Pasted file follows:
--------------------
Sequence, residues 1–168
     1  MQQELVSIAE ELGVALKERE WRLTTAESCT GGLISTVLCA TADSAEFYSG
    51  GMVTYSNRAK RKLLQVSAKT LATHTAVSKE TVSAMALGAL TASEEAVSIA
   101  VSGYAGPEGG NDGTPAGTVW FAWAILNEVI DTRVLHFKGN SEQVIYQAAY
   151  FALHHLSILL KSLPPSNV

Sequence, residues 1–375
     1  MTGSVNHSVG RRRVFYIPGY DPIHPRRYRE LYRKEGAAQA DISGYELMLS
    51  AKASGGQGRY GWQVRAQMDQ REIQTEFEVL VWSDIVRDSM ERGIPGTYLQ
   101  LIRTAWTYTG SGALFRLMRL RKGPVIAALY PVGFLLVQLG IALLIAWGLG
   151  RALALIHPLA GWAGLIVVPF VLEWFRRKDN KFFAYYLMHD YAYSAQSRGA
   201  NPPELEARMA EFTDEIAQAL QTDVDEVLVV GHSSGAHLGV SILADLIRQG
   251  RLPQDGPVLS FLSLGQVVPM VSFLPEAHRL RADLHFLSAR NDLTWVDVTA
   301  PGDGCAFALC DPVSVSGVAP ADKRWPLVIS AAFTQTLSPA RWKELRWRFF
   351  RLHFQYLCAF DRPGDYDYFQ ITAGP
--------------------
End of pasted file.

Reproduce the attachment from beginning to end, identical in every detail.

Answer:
Sequence, residues 1–168
     1  MQQELVSIAE ELGVALKERE WRLTTAESCT GGLISTVLCA TADSAEFYSG
    51  GMVTYSNRAK RKLLQVSAKT LATHTAVSKE TVSAMALGAL TASEEAVSIA
   101  VSGYAGPEGG NDGTPAGTVW FAWAILNEVI DTRVLHFKGN SEQVIYQAAY
   151  FALHHLSILL KSLPPSNV

Sequence, residues 1–375
     1  MTGSVNHSVG RRRVFYIPGY DPIHPRRYRE LYRKEGAAQA DISGYELMLS
    51  AKASGGQGRY GWQVRAQMDQ REIQTEFEVL VWSDIVRDSM ERGIPGTYLQ
   101  LIRTAWTYTG SGALFRLMRL RKGPVIAALY PVGFLLVQLG IALLIAWGLG
   151  RALALIHPLA GWAGLIVVPF VLEWFRRKDN KFFAYYLMHD YAYSAQSRGA
   201  NPPELEARMA EFTDEIAQAL QTDVDEVLVV GHSSGAHLGV SILADLIRQG
   251  RLPQDGPVLS FLSLGQVVPM VSFLPEAHRL RADLHFLSAR NDLTWVDVTA
   301  PGDGCAFALC DPVSVSGVAP ADKRWPLVIS AAFTQTLSPA RWKELRWRFF
   351  RLHFQYLCAF DRPGDYDYFQ ITAGP